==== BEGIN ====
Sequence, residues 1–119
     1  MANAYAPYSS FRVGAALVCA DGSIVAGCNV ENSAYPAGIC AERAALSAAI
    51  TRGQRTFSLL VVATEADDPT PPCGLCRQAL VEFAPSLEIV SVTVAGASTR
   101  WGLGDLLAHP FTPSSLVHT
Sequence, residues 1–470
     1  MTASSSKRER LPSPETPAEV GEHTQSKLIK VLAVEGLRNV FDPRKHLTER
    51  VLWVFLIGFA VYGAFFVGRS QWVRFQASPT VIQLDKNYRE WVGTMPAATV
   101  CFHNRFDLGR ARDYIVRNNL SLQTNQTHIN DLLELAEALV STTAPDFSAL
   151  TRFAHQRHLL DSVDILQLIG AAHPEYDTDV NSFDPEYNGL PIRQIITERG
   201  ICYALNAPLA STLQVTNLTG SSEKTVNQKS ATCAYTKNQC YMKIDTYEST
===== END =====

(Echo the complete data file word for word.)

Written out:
Sequence, residues 1–119
     1  MANAYAPYSS FRVGAALVCA DGSIVAGCNV ENSAYPAGIC AERAALSAAI
    51  TRGQRTFSLL VVATEADDPT PPCGLCRQAL VEFAPSLEIV SVTVAGASTR
   101  WGLGDLLAHP FTPSSLVHT
Sequence, residues 1–470
     1  MTASSSKRER LPSPETPAEV GEHTQSKLIK VLAVEGLRNV FDPRKHLTER
    51  VLWVFLIGFA VYGAFFVGRS QWVRFQASPT VIQLDKNYRE WVGTMPAATV
   101  CFHNRFDLGR ARDYIVRNNL SLQTNQTHIN DLLELAEALV STTAPDFSAL
   151  TRFAHQRHLL DSVDILQLIG AAHPEYDTDV NSFDPEYNGL PIRQIITERG
   201  ICYALNAPLA STLQVTNLTG SSEKTVNQKS ATCAYTKNQC YMKIDTYEST